Google’s Homegrown Machine Learning Accelerator Could Pose Threat to Chipmakers

Last week at the Google I/O conference, it was revealed the search giant has been using its own custom-built ASIC to accelerate the machine learning capabilities that now underlies much of the Google cloud. The microprocessor, known as the Tensor Processing Unit (TPU), was designed by Google engineers to speed up the TensorFlow software that the company uses to drive much of its machine learning functionality. TensorFlow began as a machine learning research project, but later moved into production, and is now deployed in an array of applications, including Google Cloud Speech, Gmail, Google Photos, and Search. According to the company, TPUs have been churning away in their production datacenters for about a year, unbeknownst to its users.

In a blog post penned by Norm Jouppi, a Google engineer said to be deeply involved in the TPU project, he wrote that the accelerator is being utilized in RankBrain to improve search results and in Street View to improve the accuracy and quality of the maps and the navigation. Jouppi also noted that TPUs were used to power AlphaGo, the AI program that vanquished Go champion Lee Sedol in a series of matches in March. The performance bump provided by the purpose-built chip was equivalent to three generations of Moore’s Law, according to Jouppi.

For the vast majority of organizations, designing and building a processor specific to their application set is an unaffordable luxury. Developing a chip typically runs into the tens of millions of dollars, even for relatively simple designs. The advantage of a custom design is that it can provide much better performance and/or energy efficiency compared to a more general-purpose microprocessor. But to recover development costs requires either a very high-value use case or a large-scale deployment where the cost of design, testing and production can be effectively amortized over thousands of chips. Some hyperscale environments may indeed satisfy the latter scenario.

Google CEO Sundar Pichai certainly thinks so. “The scale at which we need to do machine learning is incredible and so we have started building specialized custom hardware,” he explained in his Google I/O conference keynote, later adding that “TPUs deliver an order of magnitude higher performance per watt than all commercially available GPUs and FPGAs.”

Those two statements should give pause to microprocessor vendors like NVIDIA and Intel, both of whom are eyeing machine learning as an opportunity to sell bushels of high-end, high-margin chips into what, by all accounts, is a rapidly growing market. A number of industry analysts are projecting double-digit growth rates for AI-type products and services over the next several years, with an annual market revenue growing to between $5 and $70 billion during this timeframe.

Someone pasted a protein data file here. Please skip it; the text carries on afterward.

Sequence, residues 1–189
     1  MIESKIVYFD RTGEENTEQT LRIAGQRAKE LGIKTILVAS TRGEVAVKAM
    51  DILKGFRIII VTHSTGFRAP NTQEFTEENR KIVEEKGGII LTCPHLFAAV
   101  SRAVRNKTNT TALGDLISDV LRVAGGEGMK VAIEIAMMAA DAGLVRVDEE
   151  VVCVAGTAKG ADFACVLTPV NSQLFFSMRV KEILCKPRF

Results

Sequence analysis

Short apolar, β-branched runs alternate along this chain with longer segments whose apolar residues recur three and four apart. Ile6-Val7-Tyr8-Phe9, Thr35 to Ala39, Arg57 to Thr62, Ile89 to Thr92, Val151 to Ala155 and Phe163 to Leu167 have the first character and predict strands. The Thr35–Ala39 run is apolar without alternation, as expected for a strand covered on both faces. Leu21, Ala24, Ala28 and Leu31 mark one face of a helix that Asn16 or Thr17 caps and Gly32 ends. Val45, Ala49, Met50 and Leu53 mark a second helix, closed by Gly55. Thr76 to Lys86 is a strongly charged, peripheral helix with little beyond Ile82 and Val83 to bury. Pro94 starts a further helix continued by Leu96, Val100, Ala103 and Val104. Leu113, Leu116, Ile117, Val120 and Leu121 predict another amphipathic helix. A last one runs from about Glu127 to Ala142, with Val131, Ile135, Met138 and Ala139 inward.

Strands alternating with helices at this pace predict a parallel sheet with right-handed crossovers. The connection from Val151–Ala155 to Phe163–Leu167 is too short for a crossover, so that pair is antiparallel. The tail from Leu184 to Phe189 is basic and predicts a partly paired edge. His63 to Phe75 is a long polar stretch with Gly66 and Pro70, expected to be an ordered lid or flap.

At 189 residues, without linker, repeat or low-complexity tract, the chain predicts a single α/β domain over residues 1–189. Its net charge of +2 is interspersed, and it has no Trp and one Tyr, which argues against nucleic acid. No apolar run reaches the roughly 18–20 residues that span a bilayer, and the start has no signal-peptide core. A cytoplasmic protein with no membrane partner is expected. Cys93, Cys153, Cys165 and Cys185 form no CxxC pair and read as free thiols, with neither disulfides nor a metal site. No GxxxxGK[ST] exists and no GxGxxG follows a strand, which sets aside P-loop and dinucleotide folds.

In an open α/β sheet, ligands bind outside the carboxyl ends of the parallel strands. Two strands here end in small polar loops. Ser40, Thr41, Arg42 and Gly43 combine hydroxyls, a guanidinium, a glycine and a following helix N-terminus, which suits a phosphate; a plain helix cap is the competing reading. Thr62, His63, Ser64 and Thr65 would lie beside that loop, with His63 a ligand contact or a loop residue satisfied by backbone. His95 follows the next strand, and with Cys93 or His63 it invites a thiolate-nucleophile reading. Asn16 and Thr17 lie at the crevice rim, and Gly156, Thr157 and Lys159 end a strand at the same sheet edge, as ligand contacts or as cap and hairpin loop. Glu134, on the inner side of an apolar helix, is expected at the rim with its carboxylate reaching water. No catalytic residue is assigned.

NVIDIA has staked out an early lead in the market with its supercomputing GPUs, and has been busily adding an array of machine learning features into products like the M4 and M40. Their latest and greatest server GPU, the P100, is being pitched primarily as a machine learning accelerator. Intel, with its new “Knights Landing” Xeon Phi and upcoming Altera FPGA-integrated Xeon processors, also has designs on machine learning. Likewise, FPGA-maker Xilinx is taking a look at this market as part of a broader strategy to penetrate the datacenter space.

It’s not clear if Google’s TPUs are being used primarily in machine learning training or execution (inference) systems. The training phase is the most computationally demanding, and the one in which GPUs and FPGAs can be used to greatest effect. A paper on how TensorFlow works says the software can support both capabilities, which suggests that the TPU may have applications in both areas as well. But for what it’s worth, Google has not shown any inclination to dump its existing GPU or CPU servers in its machine learning infrastructure.

In any case, it’s not that these TPU accelerators will upend the commodity processor-based model – at least not yet. But the combination of hyperscale market forces, along with an insatiable desire to maximize price-performance and performance-per-watt, could drive the Googles of the world to bypass conventional chipmakers in the same manner they ditched OEMs when these web giants realized they could get better bang for the buck if they designed their own servers. Designing the chips inside those servers could turn out to be the next logical step.

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